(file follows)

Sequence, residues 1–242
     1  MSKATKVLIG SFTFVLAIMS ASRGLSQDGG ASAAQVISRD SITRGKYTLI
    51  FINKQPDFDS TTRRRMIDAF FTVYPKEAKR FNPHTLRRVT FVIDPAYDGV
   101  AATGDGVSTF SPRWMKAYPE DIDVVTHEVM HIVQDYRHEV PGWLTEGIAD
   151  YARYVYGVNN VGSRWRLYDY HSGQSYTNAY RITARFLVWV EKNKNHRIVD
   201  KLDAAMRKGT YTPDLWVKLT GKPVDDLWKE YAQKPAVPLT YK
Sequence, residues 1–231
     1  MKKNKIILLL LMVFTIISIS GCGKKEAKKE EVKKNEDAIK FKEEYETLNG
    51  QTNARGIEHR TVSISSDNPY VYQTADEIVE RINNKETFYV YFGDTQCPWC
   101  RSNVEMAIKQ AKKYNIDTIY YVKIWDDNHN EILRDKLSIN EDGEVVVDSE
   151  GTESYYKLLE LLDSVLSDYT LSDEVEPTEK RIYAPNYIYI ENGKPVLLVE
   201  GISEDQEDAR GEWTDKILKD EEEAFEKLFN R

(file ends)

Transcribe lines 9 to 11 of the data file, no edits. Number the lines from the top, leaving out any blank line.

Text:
    51  QTNARGIEHR TVSISSDNPY VYQTADEIVE RINNKETFYV YFGDTQCPWC
   101  RSNVEMAIKQ AKKYNIDTIY YVKIWDDNHN EILRDKLSIN EDGEVVVDSE
   151  GTESYYKLLE LLDSVLSDYT LSDEVEPTEK RIYAPNYIYI ENGKPVLLVE